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A case report of pseudoaneurysm of left sinus of Valsalva invaded into the left ventricle with severe aortic regurgitation



The pseudoaneurysms of sinus of Valsalva is an uncommon and serious complication of an infection, trauma, or after cardiac surgery or procedure. Pseudoaneurysms of sinus of Valsalva from left is rare. We describe a case of pseudoaneurysm of the left coronary sinus of Valsalva invaded into the left ventricle (LV) diagnosed by transthoracic echocardiography (TTE), transesophageal ecoccardiography (TEE), and multiple detector computed tomography (MDCT).

Case presentation

A 44-year-old male patient had New York Heart Association (NYHA) class II / III dyspnea during 4 months. He underwent surgery including aortic valve replacement using mechanical prosthesis, and he was discharged well without significant complications on follow – up TTE and chest computed tomography (CT) post-operative 7 days.


We report this rare case in which a ruptured pseudoaneurysm of sinus of Valsalva into LV with severe AR due to perforation of LCC was successfully-treated.


The pseudoaneurysms of sinus of Valsalva is an uncommon and serious complication of an infection, trauma, or after cardiac surgery or procedure [1]. In most cases, it arise from right and non-coronary sinuses, and pseudoaneurysms of sinus of Valsalva from left is rare. It can form aortocavitary fistulae with the adjacent cardiac chamber [2]. We report a case of patient who underwent surgical collection for the pseudoaneurysms of sinus of Valsalva invaded into the LV combined with left coronary cusp (LCC) perforation occurring without previous any procedures, heart surgery and definitive infection signs.

Case presentation

A 44-year–old male was referred to our hospital with diagnosis of severe aortic regurgitation (AR). He had New York Heart Association class II/III dyspnea on exertion for last 4 months. He had no another clinical symptoms, including prolonged fever or chilling sensation. He had a history of pulmonary tuberculosis (TB) on medication 12 weeks previously, but no history of chest trauma, hypertension, diabetes, and connective tissue disorder. Cardiovascular examinations was suggestive of single S2 and grade IV/V diastolic murmur at aortic area. On examination, his chest X-ray revealed cardiomegaly and electrocardiogram was normal sinus rhythms. However, preoperative TTE and TEE revealed global hypokinesia with moderate left ventricle (LV) dysfunction (ejection fraction: 40%), severe eccentric AR suspected of being caused by LCC perforation, and aneurysmal sac in LV (Fig. 1a). MDCT revealed rupture of pseudoaneurysm originated from left coromary sinus (LCS) into LV (Fig. 1b, c).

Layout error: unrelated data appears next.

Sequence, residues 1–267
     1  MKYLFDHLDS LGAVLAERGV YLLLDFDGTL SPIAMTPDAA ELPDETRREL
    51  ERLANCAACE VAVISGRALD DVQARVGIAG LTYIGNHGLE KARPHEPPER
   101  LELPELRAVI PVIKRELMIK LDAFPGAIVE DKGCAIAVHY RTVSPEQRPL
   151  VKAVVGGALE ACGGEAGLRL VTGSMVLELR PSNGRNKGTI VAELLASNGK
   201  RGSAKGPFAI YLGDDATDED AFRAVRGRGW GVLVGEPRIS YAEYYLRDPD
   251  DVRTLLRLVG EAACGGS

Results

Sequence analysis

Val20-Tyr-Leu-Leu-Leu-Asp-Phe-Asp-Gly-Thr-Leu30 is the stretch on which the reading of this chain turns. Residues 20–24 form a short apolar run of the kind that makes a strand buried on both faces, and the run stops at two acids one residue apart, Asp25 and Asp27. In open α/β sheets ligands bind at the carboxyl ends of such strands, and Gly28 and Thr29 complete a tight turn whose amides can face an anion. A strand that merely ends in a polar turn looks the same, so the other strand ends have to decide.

Fig. 1

a Transthoracic echocardiography shows the sac in the left ventricle (asterisk). b, c Multidetector computed tomography shows a ruptured pseudoaneurysm of sinus of Valsalva originated from left coronary sinus into left ventricle (arrow). LV, left ventricle; LA, left atrium

We planned to carry out surgical correction after sufficient treatment for the heart failure and achieving sputum culture negative conversion. We could not reliably distinguish between aortic valve pathology and subaortic aneurysmal sac outpouching into LV before surgery.

At surgery, routine cardiopulmonary bypass (CPB) including administration of antegrade and retrograde cardioplegia solution for cardiac arrest was performed. After standard oblique aortotomy, we found perforation of LCC, ruptured subaortic aneurysmal sac outpouching into LV, and orifice lacked intima tissue for pseudoaneurysm of LCS (Fig. 2). The tissue near the LCC perforation and orifice for pseudoaneurysm of LCC showed fibrotic changes. There was almost no valve tissue remaining in the aortic annulus of the LCC perforated area. The orifice for pseudoaneurysm of LCS was obliterated by separating commissure between the LCC and right coronary cusp (RCC), and suturing twice with 4–0 plolene using the commissural tissue because there was not enough surrounding tissue for patchy closure. Since the subaortic aneurysmal sac structure was sufficiently strong after removing a part of the sac, the orifice of the LV side was obliterated using a part of the sac structure and autologous pericardial patchy. And then aortic valve replacement using a 21 mm mechanical prosthesis (ST. JUDE MEDICAL Inc., Minnesota, U S A) was performed in routine fashion. We could wean CPB without significant complications. He had an uneventful course and the follow-up TTE after 7 days of surgery showed the well function of prosthetic valve with moderate LV dysfunction and no remnant aneurysmal sac. Postoperative chest CT (Fig. 3a) and TTE (Fig. 3b) showed no pseudoaneurysm of sinus of Valsalva. Histologically, no evidence of infection, inflammation, and TB was seen. The patient’s post-operative hospital course was uneventful without any complications. He was followed up for 5 months after discharge.